What lies ahead for Binyam Mohamed?

As the Guantanamo detainee returns to Britain, Richard Osley looks at the uncertainties he faces in adjusting to normal life after years of imprisonment

He will no longer have to wear the orange jumpsuit that has been his garb for the past four and a half years. It is just one small adjustment among the myriad changes that Binyam Mohamed will cope with as he leaves incarceration in Cuba for a future of fear and uncertainty.

The former Guantanamo Bay prisoner is due to fly into RAF Brize Norton in Oxfordshire tomorrow. Instead of being raced to an interrogation by anti-terrorism officers, he will almost certainly to be taken to hospital. At some stage, the 30-year-old will answer questions, but there is little prospect of any charges being brought. This week, his medical condition will be the chief priority.

Recently described as “just skin and bones”, Mr Mohamed has been left looking emaciated after a five-week hunger strike. A doctor will sit next to him throughout the flight home. He has paid a heavy price for his freedom: it was refusing food that sharpened the focus on his claims of torture at the hands of US authorities, the conditions at Guantanamo and his lack of opportunity for a legal appeal. Any “evidence” of links with terrorist groups, he said, was forced out of him in a “dark prison” in Kabul and a torture chamber in Morocco before he was sent to the prison camp in Cuba.

His release was confirmed by the Foreign Secretary, David Miliband, on Friday night.

By late tomorrow or early Tuesday, Mr Mohamed is likely to be free for the first time since he was arrested at Karachi airport in 2002, while allegedly using a false passport. Although born in Ethiopia, he was given leave to stay in the UK in 1994 as a teenage asylum-seeker. His travels to Pakistan and Afghanistan – explained by him as an attempt to get away from a bad circle of friends in London – led to US suspicions that he had been involved in al-Qa’ida training camps and a “dirty bomb” plot to attack America. Mr Mohamed denies the claims, and says he was abused during his detention: the alleged torture included cutting his penis with a scalpel and hanging him in the air by a leather strap.

He is reluctant to go to hospital. He will need psychiatric help to readjust to a world without eye masks, barbed wire, handcuffs and armed guards. Lord Carlile, the Lib Dem peer who has led an independent review of the UK’s terror laws, said yesterday: “I would expect a light and gentle touch to be applied to ensure that he is given every opportunity, subject to law, to integrate himself back into British society. There is no doubt he has suffered.”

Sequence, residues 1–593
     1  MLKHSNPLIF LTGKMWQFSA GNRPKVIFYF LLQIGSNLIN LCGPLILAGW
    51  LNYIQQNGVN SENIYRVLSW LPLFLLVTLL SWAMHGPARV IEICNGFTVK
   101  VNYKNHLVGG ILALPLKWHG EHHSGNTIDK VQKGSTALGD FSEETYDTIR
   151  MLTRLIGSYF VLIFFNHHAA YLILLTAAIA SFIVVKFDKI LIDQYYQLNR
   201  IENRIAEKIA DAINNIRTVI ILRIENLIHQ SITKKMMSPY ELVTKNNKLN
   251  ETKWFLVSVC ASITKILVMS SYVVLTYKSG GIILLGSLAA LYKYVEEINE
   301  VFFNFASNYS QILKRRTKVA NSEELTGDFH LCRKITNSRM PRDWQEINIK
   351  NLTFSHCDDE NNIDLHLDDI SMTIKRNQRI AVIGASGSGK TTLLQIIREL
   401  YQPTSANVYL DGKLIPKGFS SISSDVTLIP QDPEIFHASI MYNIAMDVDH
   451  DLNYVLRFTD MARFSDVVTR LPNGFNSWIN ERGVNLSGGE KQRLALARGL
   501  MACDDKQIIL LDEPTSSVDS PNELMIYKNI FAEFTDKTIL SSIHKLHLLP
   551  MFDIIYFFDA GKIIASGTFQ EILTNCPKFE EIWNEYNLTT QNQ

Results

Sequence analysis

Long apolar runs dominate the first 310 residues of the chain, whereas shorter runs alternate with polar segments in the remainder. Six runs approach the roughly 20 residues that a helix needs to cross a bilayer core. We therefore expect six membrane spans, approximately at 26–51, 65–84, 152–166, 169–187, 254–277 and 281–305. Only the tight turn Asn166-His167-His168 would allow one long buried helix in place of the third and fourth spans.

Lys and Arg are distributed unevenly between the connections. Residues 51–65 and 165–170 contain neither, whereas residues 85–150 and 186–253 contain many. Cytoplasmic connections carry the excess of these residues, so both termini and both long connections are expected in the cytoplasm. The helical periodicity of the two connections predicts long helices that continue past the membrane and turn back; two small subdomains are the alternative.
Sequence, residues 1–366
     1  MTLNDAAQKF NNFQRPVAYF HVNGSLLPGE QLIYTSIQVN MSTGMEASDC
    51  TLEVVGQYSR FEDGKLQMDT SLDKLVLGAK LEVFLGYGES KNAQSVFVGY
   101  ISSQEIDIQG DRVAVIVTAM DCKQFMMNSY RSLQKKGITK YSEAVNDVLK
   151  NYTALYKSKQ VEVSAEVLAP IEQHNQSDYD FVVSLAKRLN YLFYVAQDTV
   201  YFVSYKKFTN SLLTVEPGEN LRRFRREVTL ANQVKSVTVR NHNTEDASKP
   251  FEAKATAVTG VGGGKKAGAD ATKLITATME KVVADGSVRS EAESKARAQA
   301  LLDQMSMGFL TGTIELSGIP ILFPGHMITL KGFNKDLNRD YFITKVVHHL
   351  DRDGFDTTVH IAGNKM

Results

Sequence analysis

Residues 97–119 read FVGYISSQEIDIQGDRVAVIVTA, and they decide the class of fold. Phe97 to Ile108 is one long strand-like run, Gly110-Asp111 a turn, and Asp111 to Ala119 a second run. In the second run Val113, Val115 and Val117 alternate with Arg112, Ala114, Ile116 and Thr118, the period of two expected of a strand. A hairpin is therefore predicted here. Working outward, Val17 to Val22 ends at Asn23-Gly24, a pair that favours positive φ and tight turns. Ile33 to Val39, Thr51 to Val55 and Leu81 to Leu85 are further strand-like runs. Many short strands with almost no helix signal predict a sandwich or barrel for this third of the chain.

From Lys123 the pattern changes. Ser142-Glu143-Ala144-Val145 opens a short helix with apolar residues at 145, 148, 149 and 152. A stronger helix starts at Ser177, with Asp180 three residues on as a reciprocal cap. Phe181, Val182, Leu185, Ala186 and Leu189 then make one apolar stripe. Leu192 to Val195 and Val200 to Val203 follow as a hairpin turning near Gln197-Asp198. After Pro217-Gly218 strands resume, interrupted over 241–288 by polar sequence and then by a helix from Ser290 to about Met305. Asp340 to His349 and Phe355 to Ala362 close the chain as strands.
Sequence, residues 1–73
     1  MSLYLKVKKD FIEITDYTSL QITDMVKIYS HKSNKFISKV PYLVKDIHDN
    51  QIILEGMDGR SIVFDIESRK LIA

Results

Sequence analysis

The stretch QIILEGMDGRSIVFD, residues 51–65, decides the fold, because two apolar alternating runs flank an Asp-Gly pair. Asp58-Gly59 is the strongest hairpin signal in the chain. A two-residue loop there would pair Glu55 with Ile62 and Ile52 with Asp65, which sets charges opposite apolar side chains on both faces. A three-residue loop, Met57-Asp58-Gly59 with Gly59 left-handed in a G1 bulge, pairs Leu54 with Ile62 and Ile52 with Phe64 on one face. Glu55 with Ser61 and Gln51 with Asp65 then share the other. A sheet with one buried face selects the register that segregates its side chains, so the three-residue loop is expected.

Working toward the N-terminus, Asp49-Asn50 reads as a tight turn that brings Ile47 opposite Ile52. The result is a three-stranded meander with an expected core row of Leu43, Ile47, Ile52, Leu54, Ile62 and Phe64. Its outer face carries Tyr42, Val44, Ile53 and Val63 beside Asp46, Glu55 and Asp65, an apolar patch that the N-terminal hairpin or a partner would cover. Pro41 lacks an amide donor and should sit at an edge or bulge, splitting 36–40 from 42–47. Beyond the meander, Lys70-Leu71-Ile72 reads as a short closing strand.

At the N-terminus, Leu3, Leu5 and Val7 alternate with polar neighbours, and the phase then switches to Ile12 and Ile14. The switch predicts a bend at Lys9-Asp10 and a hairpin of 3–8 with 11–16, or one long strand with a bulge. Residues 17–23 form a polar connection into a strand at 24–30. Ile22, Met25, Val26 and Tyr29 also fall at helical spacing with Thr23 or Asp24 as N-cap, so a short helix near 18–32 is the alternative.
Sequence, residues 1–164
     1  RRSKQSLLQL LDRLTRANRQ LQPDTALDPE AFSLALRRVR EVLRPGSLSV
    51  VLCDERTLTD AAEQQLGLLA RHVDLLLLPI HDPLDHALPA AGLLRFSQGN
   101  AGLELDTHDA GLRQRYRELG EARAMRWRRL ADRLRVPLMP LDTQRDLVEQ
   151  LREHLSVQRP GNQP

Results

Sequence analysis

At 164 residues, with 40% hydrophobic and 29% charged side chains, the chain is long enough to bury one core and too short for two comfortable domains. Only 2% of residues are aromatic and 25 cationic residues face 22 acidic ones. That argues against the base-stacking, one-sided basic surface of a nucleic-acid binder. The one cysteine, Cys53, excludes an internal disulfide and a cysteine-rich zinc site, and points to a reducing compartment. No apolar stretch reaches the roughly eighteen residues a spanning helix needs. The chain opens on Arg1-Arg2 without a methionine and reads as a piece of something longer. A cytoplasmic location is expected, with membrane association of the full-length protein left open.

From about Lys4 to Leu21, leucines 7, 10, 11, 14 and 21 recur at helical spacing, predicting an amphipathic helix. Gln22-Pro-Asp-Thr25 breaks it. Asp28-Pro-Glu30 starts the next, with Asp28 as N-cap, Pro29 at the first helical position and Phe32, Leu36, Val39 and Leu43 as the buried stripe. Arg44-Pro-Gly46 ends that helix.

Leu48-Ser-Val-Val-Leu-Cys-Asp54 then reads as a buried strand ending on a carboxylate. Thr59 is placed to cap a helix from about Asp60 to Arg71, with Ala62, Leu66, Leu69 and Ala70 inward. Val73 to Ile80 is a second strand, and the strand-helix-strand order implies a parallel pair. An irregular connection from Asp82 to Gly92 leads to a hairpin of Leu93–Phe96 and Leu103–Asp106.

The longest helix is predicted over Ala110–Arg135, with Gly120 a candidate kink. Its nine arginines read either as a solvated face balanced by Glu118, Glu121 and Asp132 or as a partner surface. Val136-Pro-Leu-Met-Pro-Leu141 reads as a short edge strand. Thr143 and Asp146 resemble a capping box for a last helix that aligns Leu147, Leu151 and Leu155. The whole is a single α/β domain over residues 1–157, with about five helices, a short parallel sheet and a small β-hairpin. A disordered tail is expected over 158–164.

Mr Mohamed will follow in the footsteps of eight other British residents who have been released from Guantanamo. Moazzam Begg, a bookseller from Birmingham who spent nearly three years in the camp without ever being charged, wrote a book about his harrowing experiences. But he is exceptional in his resilience against the mental scars inflicted in the prison.

Other former inmates have looked to blend quietly back into everyday life. “There is no rehabilitation programme, nothing as far as the Government is concerned, which helps to reintroduce this person into normal society,” Mr Begg told a radio interviewer. “In the case of somebody who returns to this country where he has no family members, it’s going to be doubly difficult.”

Mr Mohamed is said to want to get to “somewhere quiet”. It is unclear where he will stay, and there could be legal action over his right to stay in the country. He has no family here: his brother and sister live in the US. And he has a lost touch with many of the friends he made while studying.

Kate Allen, from Amnesty International, said last night: “The immediate focus should now be on providing medical and other support for Binyam.”

Mr Mohamed’s lawyer, Clive Stafford Smith, said: “He wants to go somewhere extremely quiet and have nothing to do with anyone. Binyam wants nothing more than to return to normal life in Britain.”

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